Leadership, Professional Development

3 things I learned by trading my office desk for a service desk

As a leader in my organization, one of my duties is to understand how service is delivered to the customer. In response to that need, and to feedback from our staff, my fellow leaders and I have made a point to visit – and work in – our branches, to get a better understanding of our staff, customers and community.

Recently, I had the opportunity to work in one of our community branches. And, while I was only there for one morning, I was amazed at how much I learned and observed. In fact, I can’t wait to go back!

Here’s what I learned.

1.      It isn’t enough to talk about it, you have to experience it.

It’s one thing to talk about fostering positive customer interactions, but it’s an entirely different thing to look someone in the eye and ask for their hard-earned money. We are a library, so people aren’t expecting to have to pay for our services. But they often have fines or fees that they’re not aware of. So the simple act of checking out/renewing a book, or printing a document, becomes a much more complex transaction. As a heavy user myself, I know it’s doesn’t take a long time to rack up fines. But for some people, $5 is an insurmountable barrier that may cause them to walk out empty-handed.

Greeting customers at the front desk

Fortunately, all the people I helped were happy to pay part or all of their fines so they could complete their activities. But it made me very grateful that we have alternatives such as payment plans, reading down fines, and earning waivers. And it also made me want to research more ways that we could communicate those options, in addition to the pre-overdue and overdue notices we already provide.

2.      Shelving books is satisfying

I only shelved books for a short time, when it wasn’t particularly busy, so I’m sure it’s not always so enjoyable. But the simple act of putting a book where it belongs is a great feeling (even if you – like me – have to repeat your ABCs a few times to get them in the right order). I got to “pull holds” – i.e. take the books that people have requested and put them on the shelf for them to pick up. It felt so good knowing that these books would be getting into the hands of people who wanted them.

I also got to put books away, and I have to admit, I geeked out a bit thinking of all the knowledge under my fingertips. I felt the deep responsibility of putting these books in the right places, so that people could find them. Knowing how much books have changed my life, I wanted to make sure others could find books to change their lives. It’s an amazing gift, all this knowledge stored in a perfect, portable package.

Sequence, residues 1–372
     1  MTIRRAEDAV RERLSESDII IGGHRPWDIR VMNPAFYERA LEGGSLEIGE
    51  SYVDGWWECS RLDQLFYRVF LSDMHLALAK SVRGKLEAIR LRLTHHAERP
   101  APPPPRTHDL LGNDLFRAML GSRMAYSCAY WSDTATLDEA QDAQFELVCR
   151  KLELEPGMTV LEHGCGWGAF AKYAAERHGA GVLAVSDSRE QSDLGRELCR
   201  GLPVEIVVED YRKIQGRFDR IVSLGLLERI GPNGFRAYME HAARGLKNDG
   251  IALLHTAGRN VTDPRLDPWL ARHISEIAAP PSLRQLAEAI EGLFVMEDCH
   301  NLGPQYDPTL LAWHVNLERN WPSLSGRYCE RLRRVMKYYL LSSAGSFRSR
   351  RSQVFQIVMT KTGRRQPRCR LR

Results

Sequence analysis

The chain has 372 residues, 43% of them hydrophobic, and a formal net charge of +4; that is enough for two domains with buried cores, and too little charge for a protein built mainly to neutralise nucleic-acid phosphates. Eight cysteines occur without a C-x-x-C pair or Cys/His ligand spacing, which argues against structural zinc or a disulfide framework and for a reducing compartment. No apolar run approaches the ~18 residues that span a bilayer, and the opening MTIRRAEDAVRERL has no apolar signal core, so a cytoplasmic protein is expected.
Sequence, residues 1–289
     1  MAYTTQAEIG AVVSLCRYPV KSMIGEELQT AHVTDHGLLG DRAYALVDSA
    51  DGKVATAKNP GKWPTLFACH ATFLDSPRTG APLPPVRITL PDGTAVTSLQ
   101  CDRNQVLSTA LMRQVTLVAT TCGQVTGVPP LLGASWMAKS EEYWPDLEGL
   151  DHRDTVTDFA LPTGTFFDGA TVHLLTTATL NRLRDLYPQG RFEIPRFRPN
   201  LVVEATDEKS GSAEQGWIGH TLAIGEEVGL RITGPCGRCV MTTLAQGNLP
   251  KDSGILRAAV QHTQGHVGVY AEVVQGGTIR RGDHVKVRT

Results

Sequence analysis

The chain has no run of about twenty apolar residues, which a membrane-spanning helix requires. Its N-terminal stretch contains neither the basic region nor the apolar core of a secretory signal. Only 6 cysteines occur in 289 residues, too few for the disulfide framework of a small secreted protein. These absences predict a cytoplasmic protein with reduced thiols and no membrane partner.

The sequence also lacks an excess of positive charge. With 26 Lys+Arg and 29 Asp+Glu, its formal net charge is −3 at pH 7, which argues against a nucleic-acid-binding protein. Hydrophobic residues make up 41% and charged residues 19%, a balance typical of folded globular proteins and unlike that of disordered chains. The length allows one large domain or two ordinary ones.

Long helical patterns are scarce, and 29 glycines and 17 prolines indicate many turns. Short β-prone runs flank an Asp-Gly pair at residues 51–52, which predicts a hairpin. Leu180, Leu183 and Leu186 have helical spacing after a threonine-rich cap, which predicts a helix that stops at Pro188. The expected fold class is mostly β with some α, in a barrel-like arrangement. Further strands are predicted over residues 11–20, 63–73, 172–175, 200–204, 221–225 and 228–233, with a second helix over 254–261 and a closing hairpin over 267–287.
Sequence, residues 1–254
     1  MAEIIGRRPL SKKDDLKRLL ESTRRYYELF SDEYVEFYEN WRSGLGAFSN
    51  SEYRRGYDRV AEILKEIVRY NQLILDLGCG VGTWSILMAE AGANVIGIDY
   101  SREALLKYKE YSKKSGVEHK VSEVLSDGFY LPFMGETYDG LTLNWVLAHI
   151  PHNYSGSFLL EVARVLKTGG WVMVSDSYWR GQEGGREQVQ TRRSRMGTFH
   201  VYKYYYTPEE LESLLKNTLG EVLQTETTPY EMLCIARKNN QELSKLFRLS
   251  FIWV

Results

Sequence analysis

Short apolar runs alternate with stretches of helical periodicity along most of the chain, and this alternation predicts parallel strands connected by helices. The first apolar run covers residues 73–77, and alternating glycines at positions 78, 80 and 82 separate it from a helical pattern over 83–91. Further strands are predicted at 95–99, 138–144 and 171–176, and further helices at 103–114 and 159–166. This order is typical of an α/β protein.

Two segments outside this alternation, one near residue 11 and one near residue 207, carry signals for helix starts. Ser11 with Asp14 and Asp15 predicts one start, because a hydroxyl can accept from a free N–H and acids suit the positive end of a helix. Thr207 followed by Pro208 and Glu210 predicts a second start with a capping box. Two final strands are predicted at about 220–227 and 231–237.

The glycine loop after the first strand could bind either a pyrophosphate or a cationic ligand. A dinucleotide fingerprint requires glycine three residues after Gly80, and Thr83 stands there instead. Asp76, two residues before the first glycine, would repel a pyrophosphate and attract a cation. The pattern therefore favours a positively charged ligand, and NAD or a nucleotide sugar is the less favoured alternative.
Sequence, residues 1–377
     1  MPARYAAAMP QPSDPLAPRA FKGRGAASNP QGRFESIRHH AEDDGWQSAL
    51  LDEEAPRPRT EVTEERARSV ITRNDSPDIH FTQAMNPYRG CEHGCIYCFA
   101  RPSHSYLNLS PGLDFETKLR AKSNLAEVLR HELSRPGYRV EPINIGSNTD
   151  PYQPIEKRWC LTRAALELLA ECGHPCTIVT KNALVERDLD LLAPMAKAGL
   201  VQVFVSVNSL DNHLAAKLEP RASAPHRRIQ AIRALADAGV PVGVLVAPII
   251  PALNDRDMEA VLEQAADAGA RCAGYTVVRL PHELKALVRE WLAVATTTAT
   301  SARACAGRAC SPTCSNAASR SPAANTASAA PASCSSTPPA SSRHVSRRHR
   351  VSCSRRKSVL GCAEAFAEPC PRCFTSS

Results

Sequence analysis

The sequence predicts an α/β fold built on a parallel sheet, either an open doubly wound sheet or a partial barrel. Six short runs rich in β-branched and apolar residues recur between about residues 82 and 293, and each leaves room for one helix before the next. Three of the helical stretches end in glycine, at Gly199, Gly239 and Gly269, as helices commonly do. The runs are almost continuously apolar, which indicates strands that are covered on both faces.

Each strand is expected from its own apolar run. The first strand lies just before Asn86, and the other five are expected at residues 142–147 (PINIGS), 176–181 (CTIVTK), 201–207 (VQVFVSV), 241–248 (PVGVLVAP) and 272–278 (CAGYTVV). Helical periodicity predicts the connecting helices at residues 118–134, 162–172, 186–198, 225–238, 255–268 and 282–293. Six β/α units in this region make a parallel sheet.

One of our volunteers shelving books

3.      Libraries are all about people

Helping people with their accounts and checking out books was great, but in the end, my experience was all about people. The amazing staff, who know their branch and their community inside and out. The moms, dads and nannies who brought their babies and toddlers to storytime and stayed to socialize with each other and me. The man who needed to print documents because he didn’t have a printer at home.  The volunteer who worked alongside us, shelving books and helping customers because she loves libraries. The elderly woman who couldn’t wait to get the next book in a series.

Baby/toddler storytime

People often ask me, “What is the future of libraries?” And while I often pause to tailor my answer to the audience, I almost always start with “people.” Libraries start and end with people – beginning with the people who gather and create the ideas contained in our books and computers and databases – moving to the people who gather, curate and share that information – and finally to the people who consume it, and hopefully create new ideas themselves. No matter the format, no matter the delivery method or technology, libraries will always exist to serve people. As information hubs, gathering places, community partners, and so much more.

Yes, I only scratched the surface on that morning of working in the branch. I have so much more to learn and experience. But I am grateful for the opportunity to work alongside and with these great people. Keep an eye out for me – I’ll be back!

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